Dance-techTVLIVE serves the community with a collaborative online video channel.
It is managed by the same community of users.

If interested join to the dance-techTVlive co-producers group

dance-techTV and dance-techTVLIVE are powered by:





Read more…

Contemporary Workshop

Nacho Duato Workshop with Africa Guzman

Juan Ignacio Duato Barcia, also known as Nacho Duato, is an acclaimed Spanish dancer and choreographer. He began his dance career with the Cullberg Ballet in Stockholm and has received multiple awards in recognition of his achievements as a dancer and choreographer. In 1990, he was invited to become the Artistic Director of Compañía Nacional de Danza by the Instituto Nacional de las Artes Escénicas y de la Música of the Spanish Ministry of Culture. In July of 2010, he left the Compañía Nacional de Danza after twenty years. This January, he will become the Artistic Director of Russia’s Mikhailovsky Ballet.


This move represents an exciting step for both Mr. Duato and Russian ballet. He will be the first foreigner to direct a Russian ballet company in over a century, the last was France’s Marius Petipa. For Mr. Duato, it will be his first time leading a large classical repertory company. Russian ballet is not known for its malleability and has had a history of ignoring modern dance influences like Mr. Duato’s, in favor of preserving tradition. Vladimir Kekhman, the businessman who took over as Mikahailovsky’s general director in 2007, feels that a strong contemporary influence is exactly what the company and Russian ballet needs.

Peridance’s Nacho Duato Workshop will be taught by Africa Guzman, another Spanish native. Ms. Guzman trained at the “Escuela de Ballet y Danza Española Africa Guzmán” and at the “Escuela del Ballet Nacional de España.” She became a member of Compañía Nacional de Danza in 1988, two years before Duato became the director. She has received many awards for her achievements as a dancer, has also danced with Netherland Das Theater, and has worked with many of the world’s highly acclaimed choreographers. For 20 years, she has been involved in Nacho’s choreographic and creative process. This workshop is an excellent opportunity to both take from a very accomplished dancer and to learn the style and repertory of one of today’s most celebrated dancer/choreographers and possibly the new face of Russian Ballet.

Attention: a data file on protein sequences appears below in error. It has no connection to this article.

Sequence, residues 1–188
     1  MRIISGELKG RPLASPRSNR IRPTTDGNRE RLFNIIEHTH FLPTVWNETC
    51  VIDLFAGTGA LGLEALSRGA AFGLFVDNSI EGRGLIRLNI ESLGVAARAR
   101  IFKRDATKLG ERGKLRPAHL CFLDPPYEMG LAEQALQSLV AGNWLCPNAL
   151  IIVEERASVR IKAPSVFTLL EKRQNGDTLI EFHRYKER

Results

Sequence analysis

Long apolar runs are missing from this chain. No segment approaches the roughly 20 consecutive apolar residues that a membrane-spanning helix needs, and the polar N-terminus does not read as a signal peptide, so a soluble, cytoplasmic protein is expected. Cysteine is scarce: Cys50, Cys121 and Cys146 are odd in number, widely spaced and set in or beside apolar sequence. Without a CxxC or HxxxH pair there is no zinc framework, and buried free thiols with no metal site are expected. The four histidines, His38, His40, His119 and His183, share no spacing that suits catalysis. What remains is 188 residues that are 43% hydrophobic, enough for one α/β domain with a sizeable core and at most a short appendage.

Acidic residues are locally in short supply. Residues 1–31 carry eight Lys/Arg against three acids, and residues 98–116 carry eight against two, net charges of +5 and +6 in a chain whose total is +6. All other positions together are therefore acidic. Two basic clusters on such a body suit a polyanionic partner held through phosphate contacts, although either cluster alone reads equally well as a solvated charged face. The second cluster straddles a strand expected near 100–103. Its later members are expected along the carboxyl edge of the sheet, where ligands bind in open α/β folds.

Preregistration for the Workshop is encouraged. Click here to register.

To learn more about Mr. Duato’s move to the Mikhailovsky Ballet read the New York Timesarticle

Read more…
Film Making Notes on my new films - Line Dances (seven cinematic journeys).

Line Dances is a sense filled journey for the viewer. Reaching back to Modernism, and forward to the future. Klee said “One eye sees, the other feels”. This statement sits at the heart of what I hope to achieve with these films. Dance is as much visual as it is physical. Watching dance unfold live or on screen is emotive. Capturing the body moving on film holds the dance in time. Like a specimen. You can revisit it, dissect the dance, re-interpret and re-choreograph in the process of editing the film. And finally you print it. The printing of the dance pulls it back to a truly flat space experience, and ties it strongly to graphic art. Although movement is inherent, it has become artificial. The kinetic passages are given the heart of the machine. Like an iron lung on dance. However, there is great merit and beauty in these processes. There is true potential for expression and discovery within the confines of the technology available to us to capture and re-create dance. Choreography quite literally is the method for graphing body movement - artistic movements of the dancer are formulated into pattern, shape and design.

Line Dances demonstrates various levels of interaction between moving figure/body and other imposed geometric systems, aiming towards a fluid space, a modification and metamorphosis. I reference built environments, with aspirations towards an amalgam of the structural and the organic. This many dimensioned window presents the fabric of existence as malleable - there is pulse in the line; a natural geometry underlying all that moves.

It is kinetic as much as it is photographic. The choreography incorporates graphic work layered behind and between the filmed dance. At times the lines exaggerate the corporeal, and develop texture within the space. Discreet spaces challenge, provoke and resist the performer.

The dancers are forced to interpose between visual and audio static realms - electro magnetic fields. Here, the figures (human) are negotiating a series of physics storms. Bombarded with lines, they are fully emerged in this world of cosmic challenges. The electronic audio presents a texture-like wind, and an ambient domain through which the dancers and the piano music speak. Digital Weather. Weather of physics, mathematical weather, choreographic weather, electrical surges, pulsing linear anomalies, dancing zeros and ones.

I'm trying to create a theatre where the artificiality of the stage is evoked in cinema. We are working the plastic space of the screen in a very physical way, and we are inhabiting that visual window with the human body. This film window is as much instrument as the body is instrument. Both talk to each other in a kinetic sense.